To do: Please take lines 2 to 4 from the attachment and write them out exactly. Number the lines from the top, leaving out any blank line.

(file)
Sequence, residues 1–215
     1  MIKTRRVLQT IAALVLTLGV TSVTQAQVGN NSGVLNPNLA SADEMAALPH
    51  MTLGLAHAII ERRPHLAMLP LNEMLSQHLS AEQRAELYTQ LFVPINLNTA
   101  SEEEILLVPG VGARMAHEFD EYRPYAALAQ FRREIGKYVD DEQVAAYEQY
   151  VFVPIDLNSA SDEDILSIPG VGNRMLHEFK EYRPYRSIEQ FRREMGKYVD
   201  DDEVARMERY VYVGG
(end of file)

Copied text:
     1  MIKTRRVLQT IAALVLTLGV TSVTQAQVGN NSGVLNPNLA SADEMAALPH
    51  MTLGLAHAII ERRPHLAMLP LNEMLSQHLS AEQRAELYTQ LFVPINLNTA
   101  SEEEILLVPG VGARMAHEFD EYRPYAALAQ FRREIGKYVD DEQVAAYEQY